Christ was the One in their midst and the Speaker of what was said on Sinai--as is further proved by Acts 7:37-38: "A prophet shall the Lord your God raise up unto you of your brethren, like unto me [Moses]; him shall you hear. This is he, that was in the church in the wilderness with the angel which spoke to him [Moses] in the mount Sinai, and with our fathers: who received the lively oracles to give unto us."
In the second place, let us attend closely to the particular aspects in which the divine Lawgiver presented Himself unto Israel on this occasion. This comes out clearly in His opening words to them. The "God spoke all these words, saying," of Exodus 20:1 is simply an introductory remark of the inspired historian; it is the next verse which records His initial declaration, namely, "I am the Lord your God, who has brought you out of the land of Egypt, out of the house of bondage." That personal announcement prefacing the Ten Commandments calls for our study and admiration. There God announced Himself in a threefold character.
First, "I am Jehovah," the self-existent and self-sufficient One, the Fountain of all being, and therefore having the incontestable right to command them, and all creatures. It was the great "I am" who addressed them, the eternal and immutable One--a representation infinitely elevated above all the concepts of idolatry and ancient philosophy.
Second, He was their God in covenant with them, and that, with their own free consent. Jehovah had promised unto Abraham, "And I will establish my covenant between me and you and your seed after you in their generations for an everlasting covenant, to be a God unto you, and to your seed after you" (Gen 17:7; and see Exo 3:6; Heb 8:10). "He had laid Himself under obligation to them by promise--and therefore, He might justly lay His obligations upon them by precept"--M. Henry (1662-1714).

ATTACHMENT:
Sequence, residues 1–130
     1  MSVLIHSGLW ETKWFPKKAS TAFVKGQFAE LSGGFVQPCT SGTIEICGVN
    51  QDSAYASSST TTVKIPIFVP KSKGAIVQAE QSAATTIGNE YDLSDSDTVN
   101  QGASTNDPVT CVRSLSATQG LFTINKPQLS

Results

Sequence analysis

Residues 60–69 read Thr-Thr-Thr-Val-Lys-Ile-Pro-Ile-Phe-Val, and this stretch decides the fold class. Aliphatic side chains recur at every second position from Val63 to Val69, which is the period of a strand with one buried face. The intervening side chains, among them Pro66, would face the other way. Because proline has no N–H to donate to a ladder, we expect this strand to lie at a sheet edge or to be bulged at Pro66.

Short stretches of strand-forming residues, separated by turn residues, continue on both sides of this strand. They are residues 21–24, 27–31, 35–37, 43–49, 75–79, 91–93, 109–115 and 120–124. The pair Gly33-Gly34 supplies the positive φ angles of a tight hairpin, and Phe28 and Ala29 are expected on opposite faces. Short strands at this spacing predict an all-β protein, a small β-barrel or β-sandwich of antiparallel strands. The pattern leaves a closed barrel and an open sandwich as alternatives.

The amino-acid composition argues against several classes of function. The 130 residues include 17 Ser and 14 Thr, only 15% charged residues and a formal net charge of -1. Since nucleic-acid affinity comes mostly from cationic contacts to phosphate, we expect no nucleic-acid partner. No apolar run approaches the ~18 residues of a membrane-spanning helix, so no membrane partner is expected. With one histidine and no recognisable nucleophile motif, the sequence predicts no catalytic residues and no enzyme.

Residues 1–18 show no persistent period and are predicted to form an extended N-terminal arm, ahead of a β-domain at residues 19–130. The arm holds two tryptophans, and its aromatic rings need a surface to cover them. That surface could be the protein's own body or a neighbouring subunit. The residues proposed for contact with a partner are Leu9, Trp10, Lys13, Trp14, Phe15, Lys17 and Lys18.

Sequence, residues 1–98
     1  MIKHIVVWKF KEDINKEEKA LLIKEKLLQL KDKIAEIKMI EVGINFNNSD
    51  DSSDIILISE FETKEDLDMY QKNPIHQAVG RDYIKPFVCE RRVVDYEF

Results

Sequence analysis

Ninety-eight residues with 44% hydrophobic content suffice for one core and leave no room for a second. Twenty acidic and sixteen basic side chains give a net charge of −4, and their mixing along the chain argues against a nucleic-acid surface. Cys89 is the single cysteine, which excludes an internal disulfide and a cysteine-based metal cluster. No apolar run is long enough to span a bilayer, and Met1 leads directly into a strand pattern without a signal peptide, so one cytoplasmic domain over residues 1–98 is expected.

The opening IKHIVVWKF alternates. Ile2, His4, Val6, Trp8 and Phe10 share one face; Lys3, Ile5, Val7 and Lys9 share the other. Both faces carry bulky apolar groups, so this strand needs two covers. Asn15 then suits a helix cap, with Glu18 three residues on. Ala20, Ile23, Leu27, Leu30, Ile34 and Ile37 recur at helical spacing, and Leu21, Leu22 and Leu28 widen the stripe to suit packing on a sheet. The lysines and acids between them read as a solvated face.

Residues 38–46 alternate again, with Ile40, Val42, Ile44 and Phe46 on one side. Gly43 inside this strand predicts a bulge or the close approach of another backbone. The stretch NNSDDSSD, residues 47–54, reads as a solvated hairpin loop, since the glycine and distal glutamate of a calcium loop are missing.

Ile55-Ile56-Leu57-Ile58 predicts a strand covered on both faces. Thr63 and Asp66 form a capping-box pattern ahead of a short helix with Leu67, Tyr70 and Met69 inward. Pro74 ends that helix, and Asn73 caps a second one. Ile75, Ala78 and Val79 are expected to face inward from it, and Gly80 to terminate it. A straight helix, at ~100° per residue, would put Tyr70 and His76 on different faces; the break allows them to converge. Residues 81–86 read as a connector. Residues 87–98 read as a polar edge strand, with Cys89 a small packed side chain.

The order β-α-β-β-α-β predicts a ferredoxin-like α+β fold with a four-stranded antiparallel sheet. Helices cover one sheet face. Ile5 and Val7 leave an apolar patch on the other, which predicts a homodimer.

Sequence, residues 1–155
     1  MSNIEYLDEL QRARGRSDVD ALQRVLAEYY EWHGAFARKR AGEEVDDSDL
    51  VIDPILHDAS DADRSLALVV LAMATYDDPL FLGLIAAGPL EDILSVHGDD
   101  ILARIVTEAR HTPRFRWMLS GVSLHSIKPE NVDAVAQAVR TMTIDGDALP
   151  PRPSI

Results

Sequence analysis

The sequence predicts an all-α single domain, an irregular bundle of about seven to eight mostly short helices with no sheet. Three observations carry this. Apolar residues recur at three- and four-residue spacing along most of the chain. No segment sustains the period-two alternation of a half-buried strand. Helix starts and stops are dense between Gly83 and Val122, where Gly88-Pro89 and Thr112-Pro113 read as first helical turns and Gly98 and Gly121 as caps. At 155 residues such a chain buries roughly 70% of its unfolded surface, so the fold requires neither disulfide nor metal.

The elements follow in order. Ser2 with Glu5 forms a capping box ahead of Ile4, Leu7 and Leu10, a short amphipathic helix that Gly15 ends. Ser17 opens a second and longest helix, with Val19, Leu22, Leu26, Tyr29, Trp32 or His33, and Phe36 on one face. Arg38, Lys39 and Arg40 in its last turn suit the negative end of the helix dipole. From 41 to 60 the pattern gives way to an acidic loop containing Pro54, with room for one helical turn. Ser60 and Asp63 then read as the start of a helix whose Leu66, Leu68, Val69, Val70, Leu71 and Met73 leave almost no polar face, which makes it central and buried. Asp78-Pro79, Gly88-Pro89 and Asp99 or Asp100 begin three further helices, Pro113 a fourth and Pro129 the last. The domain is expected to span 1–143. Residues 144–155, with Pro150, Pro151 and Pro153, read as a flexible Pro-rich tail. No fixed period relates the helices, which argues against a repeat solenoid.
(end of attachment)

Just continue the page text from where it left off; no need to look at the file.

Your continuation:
Third, God here presented Himself to them as their gracious Redeemer: "Who brought you forth out of the land of Egypt," thereby pledging His faithfulness, love, and sufficiency to further deliver them from evil and bring them into His designed good. "Blessed are you, O Israel! Who is like you, a people saved by the Lord? He is your shield and helper and your glorious sword. Your enemies will cower before you, and you will trample down their high places" (Deut 33:29).
It also placed them under additional obligation to Him, for they were now bound by personal gratitude to serve and render obedience to Him. Redemption always confers a right unto the redeemer. In coming forth to them in such a character to declare the Law which was henceforth to bind their conscience and regulate their conduct both toward the Lord and one another, there was embodied the all-important and beneficial principle--that redemption carries in its bosom a conformity to the divine will, and that only when the soul is so conformed is the work of deliverance from bondage complete. Such, too, is the plain teaching of the New Testament: see 1 Corinthians 6:20.